The story, at its core, is a familiar premise: Circumstance injects the complacent, affluent Ethan into the inner-city, where he learns a lot about his own strengths and faults; his inner-city counterpart, Jake, learns the same. But Carr and Smith feel The Second Chance broadens on the premise by leaning on depth and authenticity within the characters and away from stereotype.

"To (director Steve Taylor's) credit, he did not want to go with the standard black/white buddy movie — 'white man comes into the 'hood and saves the day,' " Carr says. "It could have very well gone to that, and the image of the black church could have very well gone toward the stereotype that Hollywood puts on it."

Carr says that keeping away from stereotypes such as "preachers turning back flips and break-dancing at the pulpit" left The Second Chance able "to really be about transformation and reconciliation."

Both actors, too, say working on the film — in particular, filming scenes in a soup kitchen with local homeless people hired as extras — had a transforming effect on their lives.

"This film transformed me in a big way," says carr. "I ran into this one cat (filming the soup kitchen scenes) that I used to look up to when I was in college, and he was there homeless with his son. I'll tell you what, I may have been catching up on the mortgage, but at least I had a mortgage to catch up on. And I may have been eating beans and rice, but at least I had some beans and rice to eat. Moments like that throughout the process just made me assess where I was not only in my life in a financial way, but also in my life in a calling kind of way — it was an affirmation that I should hold on through the dark times."

To Smith, making The Second Chance was "life-changing."

"I'm not like Ethan, because I feel like I have a heart for the poor and I really care what goes on in Africa and there's all these things I'm involved in," Smith says, "but I got on the set and I found out, 'Golly, man, I can do better.' It's easy to write a check. It's a completely different story to get your hands dirty and get in the thick of it."

Smith and Carr hope folks who see the film will leave at most transformed too, at least with some good fodder for debate.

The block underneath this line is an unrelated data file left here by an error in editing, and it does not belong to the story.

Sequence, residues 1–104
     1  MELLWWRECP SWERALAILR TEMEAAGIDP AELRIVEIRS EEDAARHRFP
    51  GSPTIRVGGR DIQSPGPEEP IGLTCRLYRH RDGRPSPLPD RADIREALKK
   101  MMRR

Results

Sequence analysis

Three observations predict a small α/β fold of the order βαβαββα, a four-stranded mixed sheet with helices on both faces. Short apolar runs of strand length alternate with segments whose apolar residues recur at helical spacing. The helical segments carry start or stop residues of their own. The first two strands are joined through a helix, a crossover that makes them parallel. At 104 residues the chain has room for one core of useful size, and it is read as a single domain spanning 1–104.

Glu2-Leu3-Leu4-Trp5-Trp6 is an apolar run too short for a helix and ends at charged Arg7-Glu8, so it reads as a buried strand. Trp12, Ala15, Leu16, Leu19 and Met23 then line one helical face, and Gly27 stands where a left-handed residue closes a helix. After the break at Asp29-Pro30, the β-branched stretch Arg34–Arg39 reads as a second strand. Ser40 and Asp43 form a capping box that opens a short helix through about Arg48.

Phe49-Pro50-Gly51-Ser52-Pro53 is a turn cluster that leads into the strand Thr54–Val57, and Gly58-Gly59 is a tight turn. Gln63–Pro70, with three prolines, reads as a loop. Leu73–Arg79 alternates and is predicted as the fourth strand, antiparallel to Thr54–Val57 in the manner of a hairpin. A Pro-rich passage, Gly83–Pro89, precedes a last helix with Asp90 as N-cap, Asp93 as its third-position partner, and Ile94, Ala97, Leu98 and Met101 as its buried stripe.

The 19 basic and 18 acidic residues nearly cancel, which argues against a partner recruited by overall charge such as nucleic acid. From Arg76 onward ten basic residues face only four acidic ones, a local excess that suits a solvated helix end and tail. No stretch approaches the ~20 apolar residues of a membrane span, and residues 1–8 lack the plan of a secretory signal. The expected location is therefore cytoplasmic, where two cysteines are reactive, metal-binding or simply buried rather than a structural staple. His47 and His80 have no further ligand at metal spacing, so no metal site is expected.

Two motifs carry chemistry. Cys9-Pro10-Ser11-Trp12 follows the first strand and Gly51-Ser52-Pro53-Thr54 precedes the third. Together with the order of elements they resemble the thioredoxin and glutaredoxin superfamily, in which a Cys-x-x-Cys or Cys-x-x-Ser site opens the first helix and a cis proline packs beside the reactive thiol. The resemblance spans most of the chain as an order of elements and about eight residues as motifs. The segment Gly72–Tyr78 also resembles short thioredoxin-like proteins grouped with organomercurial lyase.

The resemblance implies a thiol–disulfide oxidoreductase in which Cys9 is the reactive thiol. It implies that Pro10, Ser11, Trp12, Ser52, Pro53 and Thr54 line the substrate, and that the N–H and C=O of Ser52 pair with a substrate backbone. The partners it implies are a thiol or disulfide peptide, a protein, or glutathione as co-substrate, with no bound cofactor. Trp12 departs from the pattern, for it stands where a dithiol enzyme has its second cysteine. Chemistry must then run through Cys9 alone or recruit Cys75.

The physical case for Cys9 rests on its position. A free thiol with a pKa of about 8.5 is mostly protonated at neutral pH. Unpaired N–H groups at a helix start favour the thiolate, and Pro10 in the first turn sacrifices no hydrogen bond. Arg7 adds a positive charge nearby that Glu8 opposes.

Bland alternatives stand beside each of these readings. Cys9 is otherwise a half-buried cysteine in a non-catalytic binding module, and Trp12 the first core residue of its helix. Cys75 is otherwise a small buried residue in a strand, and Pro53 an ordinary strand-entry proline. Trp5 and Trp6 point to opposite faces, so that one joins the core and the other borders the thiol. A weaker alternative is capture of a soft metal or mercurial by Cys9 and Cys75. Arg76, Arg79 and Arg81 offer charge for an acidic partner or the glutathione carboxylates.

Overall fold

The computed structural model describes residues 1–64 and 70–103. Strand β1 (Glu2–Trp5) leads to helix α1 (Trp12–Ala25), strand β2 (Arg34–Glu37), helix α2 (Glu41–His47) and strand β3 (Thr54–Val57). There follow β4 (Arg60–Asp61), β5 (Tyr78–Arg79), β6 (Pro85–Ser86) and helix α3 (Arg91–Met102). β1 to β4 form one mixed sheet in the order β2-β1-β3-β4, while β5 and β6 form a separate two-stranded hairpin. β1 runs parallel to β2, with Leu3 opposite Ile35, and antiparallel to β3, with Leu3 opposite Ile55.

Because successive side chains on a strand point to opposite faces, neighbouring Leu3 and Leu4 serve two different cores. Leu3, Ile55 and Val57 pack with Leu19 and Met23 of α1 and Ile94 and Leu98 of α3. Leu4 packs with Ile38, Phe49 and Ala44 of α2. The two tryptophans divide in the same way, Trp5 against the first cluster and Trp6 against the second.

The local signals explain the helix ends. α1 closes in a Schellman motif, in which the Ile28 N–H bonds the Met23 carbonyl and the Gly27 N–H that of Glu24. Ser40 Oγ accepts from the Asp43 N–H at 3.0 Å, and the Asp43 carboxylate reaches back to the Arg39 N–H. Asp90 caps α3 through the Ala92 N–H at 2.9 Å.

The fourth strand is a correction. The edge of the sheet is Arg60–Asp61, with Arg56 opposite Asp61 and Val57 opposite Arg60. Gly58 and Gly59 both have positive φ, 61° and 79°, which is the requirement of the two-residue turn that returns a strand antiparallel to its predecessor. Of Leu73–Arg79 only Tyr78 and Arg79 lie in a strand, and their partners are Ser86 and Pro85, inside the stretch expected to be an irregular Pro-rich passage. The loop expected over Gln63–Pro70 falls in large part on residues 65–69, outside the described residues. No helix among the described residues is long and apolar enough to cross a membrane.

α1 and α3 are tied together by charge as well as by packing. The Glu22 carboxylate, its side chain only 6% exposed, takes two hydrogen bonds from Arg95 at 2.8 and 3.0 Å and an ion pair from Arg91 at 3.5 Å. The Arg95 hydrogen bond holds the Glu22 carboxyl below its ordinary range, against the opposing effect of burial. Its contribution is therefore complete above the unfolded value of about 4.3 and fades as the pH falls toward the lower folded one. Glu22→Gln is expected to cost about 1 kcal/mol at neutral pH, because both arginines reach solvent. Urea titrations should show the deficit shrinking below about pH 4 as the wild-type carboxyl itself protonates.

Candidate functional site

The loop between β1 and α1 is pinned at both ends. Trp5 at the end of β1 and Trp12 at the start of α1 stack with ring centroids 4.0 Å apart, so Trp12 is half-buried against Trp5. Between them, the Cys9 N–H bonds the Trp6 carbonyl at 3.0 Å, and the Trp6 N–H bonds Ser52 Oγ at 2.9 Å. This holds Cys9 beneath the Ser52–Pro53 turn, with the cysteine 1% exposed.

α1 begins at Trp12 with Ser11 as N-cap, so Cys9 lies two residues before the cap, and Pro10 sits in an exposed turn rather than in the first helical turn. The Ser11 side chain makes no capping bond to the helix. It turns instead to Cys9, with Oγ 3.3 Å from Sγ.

"What happens with this film is everybody leaves with something else," says carr. "Sometimes they agree on things and sometimes they still debate. We've shown it to audiences all over the place and invariably there are people who land on different sides of the issues raised in the film — whether that's experiential learning, cultural differences, communication or the nature of service. And I love a good debate, because a debate is like a workout to a body builder. It's painful but it's going to grow some muscle."

To Smith, making the film was a bit like a workout at first, too — between the heavy emotional content and adjusting to the patience-busting shooting schedule. But in the end, it was one he was glad to have.

"The joke was before the movie, this will either be the first or last movie I ever do," Smith says. "I don't think it's my last." •


02-18-2006, 09:34 PM
Well I went to Downtown Disney (also Pleasure Island) AMC and they didn't have it listed today. They were busy so I didn't get a chance to ask. I am pretty disappointed with them, though. And that's the only one that's close to me...Guess I'll try next weekend if I can:-(

02-20-2006, 09:27 PM
from ccm news email:

They're actually predicting snow for us again this evening, but I'm jaded now and don't believe it. :-) Instead, I have plans to take in a movie! What movie would that be? I'm so glad you asked! I'm going to see the new film The Second Chance, starring Michael W. Smith and directed by Steve Taylor. Actually, I was able to catch the premiere of the movie last night in Franklin, TN...and I have only this to say: GO SEE THIS MOVIE! You'll laugh; you'll cry; you'll...well, you get the idea. Seriously, Christian music fans everywhere need to unite and throw support behind this picture! I'm even going a second time (although this movie doesn't need a second chance to grab you!) just to help boost the box office numbers in my own small way!

Check out this email from Steve Taylor:

Those of you who know me, which should be everyone on this list, know that a deficit of talent, aptitude and funding has never stopped me from pursuing a new career.